older people remember events in a _______ light. This is known as __-______ _________ _____.

age-related positivity effect


For these cognitive domains, state the pattern of change, if any:
- Speed of processing
- Verbal ability
- Automatic, implicit, well-practiced skills, recognition memory
- STM, working memory, episodic memory (new events), semantic memory
- Age- related positivity effect

- Slows across adulthood
- Increases until middle-age, then remains stable
- Remains stable across adulthood
- Relatively stable until late life decline (>70years)
- Emotional regulation of memory changes.


In older adults with higher memory performance, you get something call _-______ ________. This increases

bi-lateral compensation
the speed of retrieval and prefrontal cortex activation


Cognitive problems are associated with a number of neurological and psychiatric disorders. Name a few

- schizophrenia
- depression
- parkinson's disease


What is MCI characterised by?

Who is more likely to progress for MCI to dementia

- patient complains about their memory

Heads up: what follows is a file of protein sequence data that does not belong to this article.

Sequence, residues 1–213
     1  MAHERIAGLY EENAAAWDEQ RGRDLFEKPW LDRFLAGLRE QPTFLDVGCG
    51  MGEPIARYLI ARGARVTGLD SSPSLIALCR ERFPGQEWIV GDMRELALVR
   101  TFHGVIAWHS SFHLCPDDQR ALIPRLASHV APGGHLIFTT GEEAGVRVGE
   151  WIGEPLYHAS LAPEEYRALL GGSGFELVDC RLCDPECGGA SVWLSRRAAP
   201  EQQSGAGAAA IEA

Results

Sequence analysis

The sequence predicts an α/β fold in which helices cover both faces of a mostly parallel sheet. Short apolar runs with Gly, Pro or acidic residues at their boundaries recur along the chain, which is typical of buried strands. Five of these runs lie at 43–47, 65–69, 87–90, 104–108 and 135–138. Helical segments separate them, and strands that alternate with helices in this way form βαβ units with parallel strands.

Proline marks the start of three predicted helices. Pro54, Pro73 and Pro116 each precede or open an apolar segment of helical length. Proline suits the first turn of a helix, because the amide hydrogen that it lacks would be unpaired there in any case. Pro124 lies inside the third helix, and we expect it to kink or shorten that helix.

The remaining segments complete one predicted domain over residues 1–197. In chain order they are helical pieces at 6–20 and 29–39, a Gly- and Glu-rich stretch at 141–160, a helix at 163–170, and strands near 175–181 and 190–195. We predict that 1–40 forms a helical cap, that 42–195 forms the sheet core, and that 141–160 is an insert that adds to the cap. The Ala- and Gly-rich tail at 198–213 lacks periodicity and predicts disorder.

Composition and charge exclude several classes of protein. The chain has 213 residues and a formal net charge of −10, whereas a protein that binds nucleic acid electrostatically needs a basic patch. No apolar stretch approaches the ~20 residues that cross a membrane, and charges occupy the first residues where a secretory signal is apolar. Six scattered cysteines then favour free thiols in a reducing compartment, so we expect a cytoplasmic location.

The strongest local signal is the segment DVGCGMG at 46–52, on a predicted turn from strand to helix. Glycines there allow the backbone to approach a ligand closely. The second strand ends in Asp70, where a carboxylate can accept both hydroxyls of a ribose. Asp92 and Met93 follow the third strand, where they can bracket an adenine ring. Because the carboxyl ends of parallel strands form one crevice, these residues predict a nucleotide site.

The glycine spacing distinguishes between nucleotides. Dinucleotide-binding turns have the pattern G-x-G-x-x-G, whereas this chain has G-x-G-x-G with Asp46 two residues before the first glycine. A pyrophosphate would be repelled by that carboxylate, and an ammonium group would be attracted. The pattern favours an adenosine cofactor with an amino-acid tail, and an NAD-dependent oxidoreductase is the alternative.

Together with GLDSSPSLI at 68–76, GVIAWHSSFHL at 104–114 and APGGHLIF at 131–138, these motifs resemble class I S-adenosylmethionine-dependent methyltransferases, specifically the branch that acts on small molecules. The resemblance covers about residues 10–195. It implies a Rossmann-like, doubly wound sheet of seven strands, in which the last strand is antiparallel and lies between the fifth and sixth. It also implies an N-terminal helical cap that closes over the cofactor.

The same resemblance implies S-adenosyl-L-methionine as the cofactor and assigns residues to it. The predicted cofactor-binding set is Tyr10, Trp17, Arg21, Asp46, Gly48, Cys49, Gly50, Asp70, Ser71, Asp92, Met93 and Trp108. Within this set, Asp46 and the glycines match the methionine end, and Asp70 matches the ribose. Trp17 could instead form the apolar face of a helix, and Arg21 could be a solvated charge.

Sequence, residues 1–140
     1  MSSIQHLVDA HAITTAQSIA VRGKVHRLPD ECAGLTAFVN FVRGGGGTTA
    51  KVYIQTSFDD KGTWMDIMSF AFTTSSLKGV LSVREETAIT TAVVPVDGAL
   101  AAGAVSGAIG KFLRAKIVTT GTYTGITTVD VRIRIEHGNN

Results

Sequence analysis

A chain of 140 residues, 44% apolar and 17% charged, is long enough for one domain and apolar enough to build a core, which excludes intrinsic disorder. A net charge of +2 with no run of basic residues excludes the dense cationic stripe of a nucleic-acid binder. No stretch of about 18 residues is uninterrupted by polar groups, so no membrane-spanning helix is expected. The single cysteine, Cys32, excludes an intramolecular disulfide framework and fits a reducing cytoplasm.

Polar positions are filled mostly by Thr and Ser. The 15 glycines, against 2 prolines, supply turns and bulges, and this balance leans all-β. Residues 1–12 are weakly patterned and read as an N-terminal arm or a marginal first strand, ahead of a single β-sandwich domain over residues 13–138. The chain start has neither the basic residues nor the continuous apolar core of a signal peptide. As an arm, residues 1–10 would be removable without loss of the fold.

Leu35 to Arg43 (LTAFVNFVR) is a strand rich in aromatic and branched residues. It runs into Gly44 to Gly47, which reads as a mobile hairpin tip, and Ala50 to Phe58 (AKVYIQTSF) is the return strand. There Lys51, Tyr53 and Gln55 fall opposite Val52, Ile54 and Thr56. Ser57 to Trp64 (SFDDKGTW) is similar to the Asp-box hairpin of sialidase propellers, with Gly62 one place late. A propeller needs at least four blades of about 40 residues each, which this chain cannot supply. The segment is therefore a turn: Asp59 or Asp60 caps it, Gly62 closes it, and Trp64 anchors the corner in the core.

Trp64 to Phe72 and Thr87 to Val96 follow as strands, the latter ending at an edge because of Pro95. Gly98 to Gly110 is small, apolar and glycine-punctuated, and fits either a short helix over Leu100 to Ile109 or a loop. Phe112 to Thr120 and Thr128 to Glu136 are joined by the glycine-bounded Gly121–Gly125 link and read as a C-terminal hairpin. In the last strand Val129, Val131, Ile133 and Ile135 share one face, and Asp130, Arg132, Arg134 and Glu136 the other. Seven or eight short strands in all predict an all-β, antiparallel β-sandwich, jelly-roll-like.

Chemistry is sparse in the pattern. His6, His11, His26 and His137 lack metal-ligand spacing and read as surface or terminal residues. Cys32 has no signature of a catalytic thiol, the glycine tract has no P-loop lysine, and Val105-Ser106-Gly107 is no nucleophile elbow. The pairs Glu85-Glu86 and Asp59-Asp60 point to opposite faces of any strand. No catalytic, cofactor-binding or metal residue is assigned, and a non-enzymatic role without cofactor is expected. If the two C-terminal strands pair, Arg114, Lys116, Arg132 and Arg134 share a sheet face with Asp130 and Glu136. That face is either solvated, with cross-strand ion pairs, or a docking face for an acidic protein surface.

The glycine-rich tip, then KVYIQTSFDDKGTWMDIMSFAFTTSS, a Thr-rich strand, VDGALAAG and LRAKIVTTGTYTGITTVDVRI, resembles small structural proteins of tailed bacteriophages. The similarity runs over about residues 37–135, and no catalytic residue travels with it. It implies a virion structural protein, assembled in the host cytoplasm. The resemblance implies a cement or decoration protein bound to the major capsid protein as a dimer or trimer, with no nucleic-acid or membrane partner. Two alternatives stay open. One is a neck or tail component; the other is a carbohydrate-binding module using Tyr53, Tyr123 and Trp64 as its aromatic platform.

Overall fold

- confirmed by informant
- in formal memory tests they score poorly compared to their same matches
- daily activities are intact
- typical general cognition function
- does not meet diagnostic criteria for dementia
- increased risk of Alzheimers, >50% get dementia after MCI diagnosis
- cannot currently predict who will transition from MCI to dementia


Who is more likely to progress for MCI to dementia

- cannot currently predict who will transition from MCI to dementia
- those with APOE 4 genes are more likely to progress to dementia.
- APOE genes alter cholesterol transport and synaptic plasticity.
- imaging patterns of cortical thinning may differentiate who will progress
- serial MRI scans measuring rate of change in brain atrophy may be predictive
- poor performance on delayed recall tests may predict.
- cognitive training may help
- sensitive counselling required due to developing dementia.


what improves word recall in MCI?

transdermal nicotine